well that was kind of a blanket statement there, sawdust.

Care to elaborate more with a novice like me listening?
Thanks
I'm not much more than a novice myself, but when I went to a bowl turning class, rule number one -- use a BOWL gouge, not a roughing gouge.

It's a safety thing -- the tang is heavier, the shaft of the tool is heavier, and the chances of it turning into a piece of sharp flying metal are smaller.

Please visit my website, Fruit of the Lathe
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post #6 of 12 Old 02-16-2011, 09:40 PM
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They are great tools but expensive. Here's a discussion of making your own C1 roughing tool for very little

http://www.woodworkingtalk.com/f6/fi...e-gouge-19990/

http://www.woodworkingtalk.com/f6/2n...he-tool-20047/

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post #7 of 12 Old 02-16-2011, 10:19 PM
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What duncsuss said. Also due to the grain orientation for bowl turning and the bevel angle on a roughing gouge you are way more likely to get a "catastrophic catch".

That bowl was perfect right up until that last cut...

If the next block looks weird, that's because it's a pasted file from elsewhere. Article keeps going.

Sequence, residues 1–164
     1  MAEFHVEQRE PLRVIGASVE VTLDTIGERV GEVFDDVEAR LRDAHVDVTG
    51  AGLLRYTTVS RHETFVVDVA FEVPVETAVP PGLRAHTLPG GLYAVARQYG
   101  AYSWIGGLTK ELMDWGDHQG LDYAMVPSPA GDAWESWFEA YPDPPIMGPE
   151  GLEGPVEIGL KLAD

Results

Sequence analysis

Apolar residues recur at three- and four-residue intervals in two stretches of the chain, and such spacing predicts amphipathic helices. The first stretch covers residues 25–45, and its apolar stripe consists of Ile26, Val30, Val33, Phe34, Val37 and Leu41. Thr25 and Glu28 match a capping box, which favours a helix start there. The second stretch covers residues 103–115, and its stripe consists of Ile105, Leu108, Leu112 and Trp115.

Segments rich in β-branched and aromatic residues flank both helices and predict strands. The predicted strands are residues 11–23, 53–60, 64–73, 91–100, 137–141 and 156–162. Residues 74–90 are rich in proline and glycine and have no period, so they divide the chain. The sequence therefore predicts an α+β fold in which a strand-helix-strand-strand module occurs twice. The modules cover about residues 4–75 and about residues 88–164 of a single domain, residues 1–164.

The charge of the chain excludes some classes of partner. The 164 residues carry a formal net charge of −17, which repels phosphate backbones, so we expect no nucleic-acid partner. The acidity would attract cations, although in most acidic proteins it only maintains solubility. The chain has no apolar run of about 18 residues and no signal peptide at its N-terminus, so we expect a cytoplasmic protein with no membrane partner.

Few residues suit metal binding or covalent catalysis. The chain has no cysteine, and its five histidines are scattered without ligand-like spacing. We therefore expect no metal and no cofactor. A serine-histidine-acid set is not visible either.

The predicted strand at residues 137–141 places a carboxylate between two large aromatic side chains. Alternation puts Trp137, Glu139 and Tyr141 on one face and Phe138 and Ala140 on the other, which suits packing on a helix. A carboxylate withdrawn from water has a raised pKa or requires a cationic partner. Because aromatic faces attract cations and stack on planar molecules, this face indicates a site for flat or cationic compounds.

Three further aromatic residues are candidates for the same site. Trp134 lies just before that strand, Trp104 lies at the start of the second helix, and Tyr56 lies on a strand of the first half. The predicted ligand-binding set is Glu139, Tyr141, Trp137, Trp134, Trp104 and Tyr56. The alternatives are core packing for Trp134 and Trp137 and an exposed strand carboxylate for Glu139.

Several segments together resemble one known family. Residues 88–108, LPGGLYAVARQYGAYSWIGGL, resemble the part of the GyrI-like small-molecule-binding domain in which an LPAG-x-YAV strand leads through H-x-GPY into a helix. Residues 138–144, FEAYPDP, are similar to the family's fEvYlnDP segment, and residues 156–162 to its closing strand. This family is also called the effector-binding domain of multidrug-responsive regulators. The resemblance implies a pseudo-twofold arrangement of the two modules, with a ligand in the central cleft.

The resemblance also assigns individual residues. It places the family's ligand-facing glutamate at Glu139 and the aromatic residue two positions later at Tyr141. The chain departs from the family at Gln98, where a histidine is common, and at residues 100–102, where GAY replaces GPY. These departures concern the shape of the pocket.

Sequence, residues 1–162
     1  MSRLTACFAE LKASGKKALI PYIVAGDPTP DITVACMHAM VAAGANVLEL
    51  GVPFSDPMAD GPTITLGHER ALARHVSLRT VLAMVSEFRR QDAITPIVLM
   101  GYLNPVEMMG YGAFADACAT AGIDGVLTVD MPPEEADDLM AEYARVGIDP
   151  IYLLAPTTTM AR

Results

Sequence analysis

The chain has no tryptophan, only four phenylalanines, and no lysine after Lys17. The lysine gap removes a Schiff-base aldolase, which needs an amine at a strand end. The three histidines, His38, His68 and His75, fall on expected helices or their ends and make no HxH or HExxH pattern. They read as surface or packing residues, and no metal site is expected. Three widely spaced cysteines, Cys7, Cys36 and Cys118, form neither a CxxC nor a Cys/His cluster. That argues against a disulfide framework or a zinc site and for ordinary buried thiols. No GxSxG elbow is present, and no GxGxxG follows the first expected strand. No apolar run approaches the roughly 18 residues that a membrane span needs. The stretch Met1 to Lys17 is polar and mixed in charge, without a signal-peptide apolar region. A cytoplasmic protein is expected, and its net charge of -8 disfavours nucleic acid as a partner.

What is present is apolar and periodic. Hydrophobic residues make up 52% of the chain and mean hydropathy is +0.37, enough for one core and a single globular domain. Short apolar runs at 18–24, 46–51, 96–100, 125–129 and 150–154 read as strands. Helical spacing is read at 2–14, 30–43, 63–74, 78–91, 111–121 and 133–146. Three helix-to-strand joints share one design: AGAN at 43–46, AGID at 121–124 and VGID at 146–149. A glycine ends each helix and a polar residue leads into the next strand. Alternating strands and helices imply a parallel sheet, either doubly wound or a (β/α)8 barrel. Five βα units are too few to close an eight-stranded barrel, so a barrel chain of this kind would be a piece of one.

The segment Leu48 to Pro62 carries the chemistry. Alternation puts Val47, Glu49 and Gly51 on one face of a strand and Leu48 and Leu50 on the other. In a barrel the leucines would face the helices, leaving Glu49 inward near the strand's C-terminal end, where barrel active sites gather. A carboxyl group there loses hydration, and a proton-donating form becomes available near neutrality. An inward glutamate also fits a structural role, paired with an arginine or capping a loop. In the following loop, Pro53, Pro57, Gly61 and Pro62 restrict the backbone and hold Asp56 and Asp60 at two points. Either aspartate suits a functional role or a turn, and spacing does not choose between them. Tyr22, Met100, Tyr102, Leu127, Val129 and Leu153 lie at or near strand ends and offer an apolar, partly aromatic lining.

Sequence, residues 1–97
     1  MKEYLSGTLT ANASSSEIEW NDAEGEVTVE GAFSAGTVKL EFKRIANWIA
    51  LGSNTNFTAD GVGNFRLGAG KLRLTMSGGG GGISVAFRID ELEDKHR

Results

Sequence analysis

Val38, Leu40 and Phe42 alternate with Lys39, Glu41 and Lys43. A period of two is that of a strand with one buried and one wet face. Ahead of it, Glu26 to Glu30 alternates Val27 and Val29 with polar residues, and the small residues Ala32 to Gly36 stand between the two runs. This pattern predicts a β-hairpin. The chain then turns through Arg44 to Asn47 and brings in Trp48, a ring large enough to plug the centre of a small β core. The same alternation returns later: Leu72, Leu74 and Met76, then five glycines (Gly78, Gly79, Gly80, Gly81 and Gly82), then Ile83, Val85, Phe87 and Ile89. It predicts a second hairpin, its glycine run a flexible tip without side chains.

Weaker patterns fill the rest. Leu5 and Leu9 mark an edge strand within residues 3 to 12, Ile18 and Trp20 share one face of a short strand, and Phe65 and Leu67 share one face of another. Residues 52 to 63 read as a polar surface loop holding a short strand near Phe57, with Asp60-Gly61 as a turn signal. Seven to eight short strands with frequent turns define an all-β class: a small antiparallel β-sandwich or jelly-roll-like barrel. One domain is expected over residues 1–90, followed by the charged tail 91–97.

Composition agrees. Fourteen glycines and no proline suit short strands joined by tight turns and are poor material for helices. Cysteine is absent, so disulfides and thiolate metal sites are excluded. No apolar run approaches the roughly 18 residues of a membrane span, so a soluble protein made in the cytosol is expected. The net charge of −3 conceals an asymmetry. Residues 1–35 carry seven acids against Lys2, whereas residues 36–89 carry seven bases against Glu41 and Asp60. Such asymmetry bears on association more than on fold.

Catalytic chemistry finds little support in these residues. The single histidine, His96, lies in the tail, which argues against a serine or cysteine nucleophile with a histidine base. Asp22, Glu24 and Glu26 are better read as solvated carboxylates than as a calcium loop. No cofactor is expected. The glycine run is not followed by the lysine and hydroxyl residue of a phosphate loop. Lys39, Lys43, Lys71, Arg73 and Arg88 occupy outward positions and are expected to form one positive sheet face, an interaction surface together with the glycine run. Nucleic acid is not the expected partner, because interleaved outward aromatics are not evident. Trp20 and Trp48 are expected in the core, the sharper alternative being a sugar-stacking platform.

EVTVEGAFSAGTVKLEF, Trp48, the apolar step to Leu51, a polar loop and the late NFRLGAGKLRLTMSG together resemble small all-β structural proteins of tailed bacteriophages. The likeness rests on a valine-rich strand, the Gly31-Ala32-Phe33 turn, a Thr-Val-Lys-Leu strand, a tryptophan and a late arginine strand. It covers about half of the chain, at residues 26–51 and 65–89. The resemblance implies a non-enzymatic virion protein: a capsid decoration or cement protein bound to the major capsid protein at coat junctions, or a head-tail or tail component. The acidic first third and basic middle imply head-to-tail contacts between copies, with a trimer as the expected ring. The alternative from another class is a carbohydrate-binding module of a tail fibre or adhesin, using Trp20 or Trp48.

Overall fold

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post #8 of 12 Old 02-16-2011, 10:21 PM
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Here's from Craft Supplies USA
http://www.woodturnerscatalog.com/store/article/32?Args=

I recommend any new turner checking them out. Their resources section on their website is full of useful info.

That bowl was perfect right up until that last cut...
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post #9 of 12 Old 02-17-2011, 12:38 AM
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I have five of the easy wood tools. I consider them another special tool. I still prefer my regular lathe tools. I think the easy wood tools come in handy for certain cuts, inside curves of bowls, lidded boxes, etc. For some cuts I turn the tool so it is taking more of a shear cut. I don't like the lack of feel of the tool when compared to using the bevel of a traditional tool. I would not recommend them to a new turner. Learn how to use traditional tools, including sharpening, and you will be a much better turner in the long run.